Murni, the Ibu of Ubud
The Jakarta Post, 11 January 2001
UBUD, Bali (JP): I was having dinner with an international businesswoman based in Singapore. I asked if she knew Murni’s Warung in Bali. Without blinking she said, “Know Murni? Of course I know Murni! Everyone knows Murni. She is a legend. Travelers to Bali call her the Ibu (mother) of Ubud”. In October this year I traveled to Ubud to meet this living legend.
Murni was born just after World War II in the village of Penestanan-Ubud. Her life reflects the history of Ubud itself. Her family has always been closely involved with international travelers. Her mother cooked for Walter Spies, the German aristocrat painter, who lived during the 1930s in a thatched cottage overlooking rice terraces in the neighboring village of Campuan.
At this time, (much like today), anyone who was anyone visited Ubud and they all at some time ate Murni’s mother’s food: Charlie Chaplin, Noel Coward, Barbara Hutton, the Woolworths’ heiress, Colin McPhee, the ethno-musicologist and his anthropologist wife, Jane Belo, Vicki Baum, the novelist, Margaret Mead and Gregory Bateson the pioneering anthropologists.
Some say Miguel Covarrubias, the Mexican painter and ethnologist, was so inspired by the food in Ubud that he decided to write the still widely read and influential book Island of Bali, published in 1937.
Colin McPhee likewise decided to stay and live in Ubud where he studied Balinese gamelan music. He wrote a marvelous book, A House in Bali, which has just been re-printed in paperback. Murni’s great aunt looked after him too. She is still alive and well and living in Ubud.
In the 1950s it was in Murni’s village of Penestanan that Arie Smit, a Dutch painter founded a school of art called “The Young Artists of Penestanan”, which has profoundly influenced the development of the avante garde art for which the area is now known. Again, Murni’s family was involved.
During the 1960s Ubud was not the bustling tourist center it is today. Murni would get up at 4 a.m. every morning and cycle downhill to Sanur on the south coast of Bali and sell her textiles to visiting cruise ship passengers.
If it was a bad day she had to put her goods back on her head, and cycle home up the hill to Ubud. However, before long she had four shops and counted the Rolling Stones’ Mick Jagger as one of her regular clients. He is still a customer of Ibu Murni shops today…and he’s still getting satisfaction.
By the mid-1970s Murni had returned to Ubud where she created the first real restaurant in the area – Murni’s Warung. Ever since it has been one of the places to go in Bali. Today Murni’s Warung employs over 60 staff and continues to serve patrons from all over the world. It has been called the most romantic restaurant in Ubud. You can hear the sound of rushing water in the narrow jungle gorge that has formed from the convergence of the River Wos and its tributary. Here locals and visitors, writers, artists and dancers, all enjoy the atmosphere, the exotic cuisine, and, most importantly, each other’s company.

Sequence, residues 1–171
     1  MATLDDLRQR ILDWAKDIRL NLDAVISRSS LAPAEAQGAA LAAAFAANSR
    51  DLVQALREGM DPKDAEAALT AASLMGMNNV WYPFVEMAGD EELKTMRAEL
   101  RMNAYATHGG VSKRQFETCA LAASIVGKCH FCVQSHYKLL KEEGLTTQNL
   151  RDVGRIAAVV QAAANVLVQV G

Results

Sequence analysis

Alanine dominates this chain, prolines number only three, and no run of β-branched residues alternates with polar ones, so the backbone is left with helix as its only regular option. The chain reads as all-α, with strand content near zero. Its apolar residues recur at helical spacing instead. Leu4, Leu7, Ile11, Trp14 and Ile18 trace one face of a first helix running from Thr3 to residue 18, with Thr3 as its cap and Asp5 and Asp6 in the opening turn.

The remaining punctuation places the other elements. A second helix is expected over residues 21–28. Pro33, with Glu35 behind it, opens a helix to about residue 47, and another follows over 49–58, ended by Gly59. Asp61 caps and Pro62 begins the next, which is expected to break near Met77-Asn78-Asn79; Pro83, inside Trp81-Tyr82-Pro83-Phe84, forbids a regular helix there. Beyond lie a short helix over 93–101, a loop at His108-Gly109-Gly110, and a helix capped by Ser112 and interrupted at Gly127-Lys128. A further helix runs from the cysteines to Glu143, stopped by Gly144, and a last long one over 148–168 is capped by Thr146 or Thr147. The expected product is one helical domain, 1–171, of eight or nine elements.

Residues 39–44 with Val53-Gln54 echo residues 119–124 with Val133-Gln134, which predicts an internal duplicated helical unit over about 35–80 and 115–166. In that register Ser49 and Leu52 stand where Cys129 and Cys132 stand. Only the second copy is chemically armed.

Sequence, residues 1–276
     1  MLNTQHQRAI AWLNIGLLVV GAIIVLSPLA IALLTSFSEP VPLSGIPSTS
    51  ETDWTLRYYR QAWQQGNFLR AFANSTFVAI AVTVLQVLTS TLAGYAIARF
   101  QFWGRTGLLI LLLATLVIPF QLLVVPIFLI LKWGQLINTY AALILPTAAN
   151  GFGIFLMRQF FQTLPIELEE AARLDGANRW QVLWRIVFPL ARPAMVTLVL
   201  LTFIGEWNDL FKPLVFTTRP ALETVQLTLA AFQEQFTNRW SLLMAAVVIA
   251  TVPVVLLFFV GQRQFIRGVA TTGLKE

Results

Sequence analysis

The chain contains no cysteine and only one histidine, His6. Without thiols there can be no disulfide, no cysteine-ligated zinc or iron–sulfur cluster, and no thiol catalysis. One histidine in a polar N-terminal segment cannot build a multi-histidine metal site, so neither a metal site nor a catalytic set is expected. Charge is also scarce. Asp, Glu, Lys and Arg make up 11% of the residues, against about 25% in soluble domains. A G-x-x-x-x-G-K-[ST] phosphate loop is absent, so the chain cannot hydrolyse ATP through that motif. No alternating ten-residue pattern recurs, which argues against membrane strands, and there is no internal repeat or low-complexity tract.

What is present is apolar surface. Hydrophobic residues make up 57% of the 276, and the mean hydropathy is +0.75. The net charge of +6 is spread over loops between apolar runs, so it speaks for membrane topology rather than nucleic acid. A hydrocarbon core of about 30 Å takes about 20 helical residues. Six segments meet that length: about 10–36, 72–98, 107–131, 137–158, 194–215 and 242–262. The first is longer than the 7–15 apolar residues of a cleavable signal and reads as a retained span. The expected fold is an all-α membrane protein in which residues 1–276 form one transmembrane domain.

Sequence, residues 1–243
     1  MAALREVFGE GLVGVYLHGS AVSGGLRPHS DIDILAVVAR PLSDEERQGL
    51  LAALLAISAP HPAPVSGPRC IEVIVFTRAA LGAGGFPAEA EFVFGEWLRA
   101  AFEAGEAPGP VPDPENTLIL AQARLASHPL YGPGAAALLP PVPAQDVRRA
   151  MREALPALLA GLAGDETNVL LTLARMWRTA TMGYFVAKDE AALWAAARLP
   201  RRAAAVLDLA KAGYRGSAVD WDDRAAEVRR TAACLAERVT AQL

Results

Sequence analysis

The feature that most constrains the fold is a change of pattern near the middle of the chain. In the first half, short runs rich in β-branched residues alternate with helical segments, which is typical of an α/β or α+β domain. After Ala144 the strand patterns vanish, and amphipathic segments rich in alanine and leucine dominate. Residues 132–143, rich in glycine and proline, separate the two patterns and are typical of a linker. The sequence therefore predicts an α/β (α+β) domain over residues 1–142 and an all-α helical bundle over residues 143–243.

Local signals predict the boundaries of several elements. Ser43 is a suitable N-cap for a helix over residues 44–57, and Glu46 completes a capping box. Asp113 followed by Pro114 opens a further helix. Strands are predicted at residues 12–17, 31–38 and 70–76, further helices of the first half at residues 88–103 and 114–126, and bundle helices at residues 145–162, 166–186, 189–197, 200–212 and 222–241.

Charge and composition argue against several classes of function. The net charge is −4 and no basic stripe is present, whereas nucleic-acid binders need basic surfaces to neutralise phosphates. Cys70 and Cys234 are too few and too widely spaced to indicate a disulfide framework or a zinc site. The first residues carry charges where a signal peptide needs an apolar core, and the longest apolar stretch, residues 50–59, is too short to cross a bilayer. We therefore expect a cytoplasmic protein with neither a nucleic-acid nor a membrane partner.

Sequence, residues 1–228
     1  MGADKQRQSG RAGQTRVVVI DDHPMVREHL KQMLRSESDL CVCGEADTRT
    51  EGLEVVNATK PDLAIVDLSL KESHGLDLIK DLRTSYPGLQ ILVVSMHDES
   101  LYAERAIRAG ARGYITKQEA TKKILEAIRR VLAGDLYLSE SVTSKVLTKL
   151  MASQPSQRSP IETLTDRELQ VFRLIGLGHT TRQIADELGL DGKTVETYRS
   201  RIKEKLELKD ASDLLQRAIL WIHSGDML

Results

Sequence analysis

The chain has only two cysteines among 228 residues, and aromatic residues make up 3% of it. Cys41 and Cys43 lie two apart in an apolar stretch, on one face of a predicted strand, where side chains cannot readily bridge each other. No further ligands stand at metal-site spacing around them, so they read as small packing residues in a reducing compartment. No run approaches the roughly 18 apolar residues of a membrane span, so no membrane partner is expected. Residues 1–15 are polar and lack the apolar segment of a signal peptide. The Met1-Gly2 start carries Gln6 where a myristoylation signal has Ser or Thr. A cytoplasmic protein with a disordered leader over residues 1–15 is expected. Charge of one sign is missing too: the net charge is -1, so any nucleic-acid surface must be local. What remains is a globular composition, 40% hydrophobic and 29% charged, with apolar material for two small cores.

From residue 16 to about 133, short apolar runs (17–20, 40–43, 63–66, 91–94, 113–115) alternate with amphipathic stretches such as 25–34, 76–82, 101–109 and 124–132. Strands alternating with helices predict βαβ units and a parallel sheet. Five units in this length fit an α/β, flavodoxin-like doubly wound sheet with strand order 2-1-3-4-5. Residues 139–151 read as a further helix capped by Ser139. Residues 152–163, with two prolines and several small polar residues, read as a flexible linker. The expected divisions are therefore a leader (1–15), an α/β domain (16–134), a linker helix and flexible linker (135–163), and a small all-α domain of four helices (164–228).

Murni’s shops, Kunang-Kunang I and II and the Warung Shop are all in Ubud’s main street. They have been imitated but never surpassed for quality, authenticity and value. Her international clients think of Murni so highly that they call to check if she’s in Bali before they book their flights. It is little wonder that many of her friends are important people from the United States. The New York Times has in fact named Murni’s Houses as one of the best small hotels in the World.
Murni’s latest venture is the creation of Villa Kunang-Kunang. This is about 15 minutes outside Ubud, on the road up to the landmark Mount Batur. Kunang-Kunang means “firefly” in the Indonesian language. Here Ibu Murni has built two fabulous villas, which are said to have the best views in Bali. The Villas look out over the ancient rice fields and are set in 3 hectares of beautifully landscaped tropical gardens.
Hidden away is a curved swimming pool, which merges into breathtaking views of the emerald-green rice terraces. There are fishponds, water lily ponds, lotus ponds, and the sounds of running water everywhere.
In addition, there are 33 Buddha statues lovingly placed around the gardens. The Villas are furnished with a mix of contemporary and antique Balinese and Indonesian furniture in Murni’s inimitable style. There is even a book specially written for her guests on Balinese life and culture.
There are walks along the rice terraces and, if Ibu Murni has time, she takes her friends and guests along trails where tourists never go, explaining the tropical trees, flowers and plants. Along the way she stops to introduce her guests to local people they would never otherwise get an opportunity to meet.
What continues to inspire Ibu Murni is her strong faith in the importance of maintaining Balinese culture, as living and unique. This is combined with her genuine desire to extend friendship and hospitality to others and to show visitors to the Island a special piece of the real Bali.
Murni, the Ibu of Ubud